Joel Salatin: Preaching to the Choir : Director: Russian River TV | Producer: Russian River TV Genre: Documentary | Produced In: 2010 | Story Teller's Country: United States
Tags: United States, Americas, Environment, Farming
Synopsis: In "The Omnivore's Dilemma", Michael Pollan introduced us to Joel Salatin, a farmer who's been practicing a complex form of rotational grazing in Virginia's Shenandoah Valley. In the past few years Joel has become a folk hero in certain circles of farmers seeking to challenge the conventional agribusiness model. We read as much as we could about Joel's Polyface Farm, and got to wondering how his methods would translate to Sonoma County's different climate. We have to admit, we sort of stalked Joel's schedule for a while, spying a little item that read “private farm consultation, Sonoma, March 17”. After some detective work, we discovered that Joel would be coming to Tara Firma Farms in Petaluma, and got invited to a reception and talk at the Institute of Noetic Sciences in Marin. Please join us for this enlightening lecture.
Video - Informative - Thought Provoking - Entertaining - ...
Joined: Dec 22, 2011
Location: Maine (zone 5)
I'm not sure that Joel conveyed that message quite right. The problem is not with Pasteur's theory. The theory is sound. So is the second (terrain) theory. They work together as a total package. Just like Permaculture.
To simplify Pasteur: Germs exist and some of them are capable of causing illness in a host organism under appropriate conditions.
What the second theory says is: The environment (terrain) can determine the chances of a pathogen infecting a host by altering conditions in such a way that infection becomes minimized or maximized.
The two theories complement each other and do so quite nicely.
Think of it in permaculture terms: Too much of one weed means that the environment is favoring that weed species. Killing the weeds and doing nothing more will not solve the problem. The weeds will return. However, modifying the environment by altering the water, sun, nutrients, biodiversity could do a lot to solve the weed problem. For the best result perhaps you could kill the weeds AND modify the environment to achieve the desired outcome. Using both solutions in tandem often gives the most benefit.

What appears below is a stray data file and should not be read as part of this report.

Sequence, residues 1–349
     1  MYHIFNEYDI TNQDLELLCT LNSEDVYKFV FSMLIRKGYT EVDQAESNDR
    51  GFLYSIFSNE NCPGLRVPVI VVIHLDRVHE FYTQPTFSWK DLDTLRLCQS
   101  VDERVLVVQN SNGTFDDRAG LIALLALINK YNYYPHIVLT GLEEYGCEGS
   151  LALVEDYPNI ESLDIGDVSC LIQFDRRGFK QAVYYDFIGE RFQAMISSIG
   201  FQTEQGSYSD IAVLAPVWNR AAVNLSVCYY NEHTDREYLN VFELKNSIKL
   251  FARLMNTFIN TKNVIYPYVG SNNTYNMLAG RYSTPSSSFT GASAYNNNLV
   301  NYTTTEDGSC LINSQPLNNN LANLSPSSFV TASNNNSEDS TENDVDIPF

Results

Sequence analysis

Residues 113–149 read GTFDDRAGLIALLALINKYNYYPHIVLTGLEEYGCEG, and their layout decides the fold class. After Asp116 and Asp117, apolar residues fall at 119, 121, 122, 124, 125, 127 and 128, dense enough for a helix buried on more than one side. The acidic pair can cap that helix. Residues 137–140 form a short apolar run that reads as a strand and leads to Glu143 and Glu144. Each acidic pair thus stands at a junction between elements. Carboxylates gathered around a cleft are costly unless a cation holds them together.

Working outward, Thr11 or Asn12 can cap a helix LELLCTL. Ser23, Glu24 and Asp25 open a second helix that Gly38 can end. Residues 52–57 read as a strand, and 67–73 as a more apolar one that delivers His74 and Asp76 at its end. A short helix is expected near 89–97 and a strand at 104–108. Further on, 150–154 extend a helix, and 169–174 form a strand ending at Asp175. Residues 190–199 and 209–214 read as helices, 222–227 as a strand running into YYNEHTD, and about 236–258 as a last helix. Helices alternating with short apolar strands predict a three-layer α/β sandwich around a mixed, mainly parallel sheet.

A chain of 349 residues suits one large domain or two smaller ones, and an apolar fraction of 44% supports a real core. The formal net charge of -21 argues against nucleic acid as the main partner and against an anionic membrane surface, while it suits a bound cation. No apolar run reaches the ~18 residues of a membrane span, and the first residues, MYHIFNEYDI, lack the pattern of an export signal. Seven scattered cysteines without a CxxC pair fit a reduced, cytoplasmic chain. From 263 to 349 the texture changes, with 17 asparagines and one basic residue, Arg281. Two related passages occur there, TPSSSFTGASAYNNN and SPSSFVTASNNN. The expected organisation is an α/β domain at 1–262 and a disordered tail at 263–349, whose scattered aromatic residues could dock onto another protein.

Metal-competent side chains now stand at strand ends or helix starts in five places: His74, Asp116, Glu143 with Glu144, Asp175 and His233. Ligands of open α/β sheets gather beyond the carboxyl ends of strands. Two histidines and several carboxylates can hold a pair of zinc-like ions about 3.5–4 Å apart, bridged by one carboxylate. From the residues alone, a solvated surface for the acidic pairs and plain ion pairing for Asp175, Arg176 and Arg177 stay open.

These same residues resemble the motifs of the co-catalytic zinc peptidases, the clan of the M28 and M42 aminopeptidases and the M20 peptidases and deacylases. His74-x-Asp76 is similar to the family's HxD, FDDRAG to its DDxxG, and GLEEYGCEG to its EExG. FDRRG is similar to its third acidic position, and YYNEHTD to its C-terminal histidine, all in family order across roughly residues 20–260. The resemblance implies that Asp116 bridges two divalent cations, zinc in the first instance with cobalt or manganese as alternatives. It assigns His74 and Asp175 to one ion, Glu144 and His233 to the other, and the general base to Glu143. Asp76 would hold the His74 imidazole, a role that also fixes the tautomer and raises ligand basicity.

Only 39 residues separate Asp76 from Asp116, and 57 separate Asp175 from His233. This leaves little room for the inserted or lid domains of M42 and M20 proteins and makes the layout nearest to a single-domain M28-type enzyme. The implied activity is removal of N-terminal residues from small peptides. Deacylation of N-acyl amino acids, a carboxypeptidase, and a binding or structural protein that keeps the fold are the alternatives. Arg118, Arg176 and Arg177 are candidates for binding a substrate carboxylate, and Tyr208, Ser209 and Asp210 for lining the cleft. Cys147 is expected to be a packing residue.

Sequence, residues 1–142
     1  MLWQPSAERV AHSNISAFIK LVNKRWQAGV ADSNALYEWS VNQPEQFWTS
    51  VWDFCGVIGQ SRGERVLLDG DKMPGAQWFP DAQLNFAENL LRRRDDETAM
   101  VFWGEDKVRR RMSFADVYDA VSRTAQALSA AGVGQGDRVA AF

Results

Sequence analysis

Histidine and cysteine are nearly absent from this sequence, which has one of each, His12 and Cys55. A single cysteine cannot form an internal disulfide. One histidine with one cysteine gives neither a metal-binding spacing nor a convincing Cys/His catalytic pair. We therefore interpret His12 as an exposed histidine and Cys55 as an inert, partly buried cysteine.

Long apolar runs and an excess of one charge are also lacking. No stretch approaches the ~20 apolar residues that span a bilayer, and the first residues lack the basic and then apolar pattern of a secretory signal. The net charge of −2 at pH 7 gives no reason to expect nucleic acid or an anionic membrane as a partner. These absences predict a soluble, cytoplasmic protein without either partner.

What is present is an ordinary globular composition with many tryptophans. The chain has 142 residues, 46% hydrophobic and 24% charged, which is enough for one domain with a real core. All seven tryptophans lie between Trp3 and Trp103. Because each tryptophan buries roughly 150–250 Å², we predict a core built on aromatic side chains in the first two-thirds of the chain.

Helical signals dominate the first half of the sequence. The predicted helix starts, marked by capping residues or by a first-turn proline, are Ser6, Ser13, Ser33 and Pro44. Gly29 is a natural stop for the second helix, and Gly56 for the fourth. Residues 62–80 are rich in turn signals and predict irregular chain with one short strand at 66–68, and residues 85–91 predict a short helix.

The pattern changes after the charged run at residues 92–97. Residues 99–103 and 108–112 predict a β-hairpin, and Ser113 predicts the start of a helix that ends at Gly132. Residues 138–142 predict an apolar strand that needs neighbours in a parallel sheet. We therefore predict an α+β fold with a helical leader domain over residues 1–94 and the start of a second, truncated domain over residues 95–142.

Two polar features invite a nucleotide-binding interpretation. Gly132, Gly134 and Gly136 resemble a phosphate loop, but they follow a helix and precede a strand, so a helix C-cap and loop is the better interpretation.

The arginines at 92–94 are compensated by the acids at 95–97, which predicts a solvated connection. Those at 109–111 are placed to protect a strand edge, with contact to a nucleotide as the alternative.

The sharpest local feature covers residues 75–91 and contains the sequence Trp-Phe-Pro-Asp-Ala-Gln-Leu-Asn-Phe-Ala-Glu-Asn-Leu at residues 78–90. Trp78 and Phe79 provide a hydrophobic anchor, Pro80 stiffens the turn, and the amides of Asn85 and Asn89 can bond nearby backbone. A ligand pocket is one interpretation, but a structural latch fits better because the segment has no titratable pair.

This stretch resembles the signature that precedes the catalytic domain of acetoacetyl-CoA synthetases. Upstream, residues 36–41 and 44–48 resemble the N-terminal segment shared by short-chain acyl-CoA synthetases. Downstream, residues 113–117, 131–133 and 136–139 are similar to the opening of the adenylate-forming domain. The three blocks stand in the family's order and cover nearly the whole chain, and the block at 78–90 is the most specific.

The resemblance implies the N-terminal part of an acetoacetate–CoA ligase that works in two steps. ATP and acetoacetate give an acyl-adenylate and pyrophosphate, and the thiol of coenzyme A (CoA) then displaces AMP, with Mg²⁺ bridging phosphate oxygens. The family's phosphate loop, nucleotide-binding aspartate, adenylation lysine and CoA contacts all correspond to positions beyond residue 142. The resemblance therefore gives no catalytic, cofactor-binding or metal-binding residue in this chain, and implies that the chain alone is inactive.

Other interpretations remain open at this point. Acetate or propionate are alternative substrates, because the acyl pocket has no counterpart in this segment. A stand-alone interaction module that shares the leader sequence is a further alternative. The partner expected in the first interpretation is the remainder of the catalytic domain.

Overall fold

On Vaccines: A great number of deadly diseases have been nearly eradicated thanks to vaccines. They aren't perfect but remember that nothing positive is achieved without some degree of risk. Some certain people do have adverse reactions to vaccines but that also applies to every medicine and food on the planet. There are exceptions to all rules. Almost every vaccine used today is without mercury and you can request mercury/thimerisol free vaccines. Not to mention that there was never a positive link between vaccines and autism. The one study that showed a causal link was later found to be fraudulent. The author admitted to data manipulation. And we probably get more mercury from the air we breath and the food we eat every day of our lives than that contained in a small life saving vaccine that we only get once. (sorry for the rant. I'm passionate about this)
A great number of lives have also been saved and prolonged by the understanding that cleanliness and proper sanitation prevent illness. Joel is exactly right when he says that we need to encourage the right (good) bacteria in our properties and our bodies. Processed foods don't accomplish that goal for our bodies just like chemicals and GMO's don't accomplish that for our land.
I guess my point is that the two theories are not at odds and we can make the best of both of them and have wonderful results.
Aside from that, I thought the talk was well done and informative. Very insightful
Thanks for posting the video.
"You may never know what results come of your action, but if you do nothing there will be no result”
Joined: Feb 12, 2012
Location: Denver, CO
I'm all jazzed up from posting about Salatin on my blog, so I finally stepped out of the lurkers corner to post about this.
Salatin is a good man with a good message. He gets a little too certain that food needs to be grown on a farm, but what else should we expect from a farmer? Paul's HUSP thread ( http://www.permies.com/t/9121/permaculture/Horticulture-United-States-Pocahontas-husp ) is philosophically closer to what the man should be preaching. In short, farmers would serve humanity better by trying to end our dependence upon farms for our food. He opens many doors and he's a great speaker on the subject, but we can do better.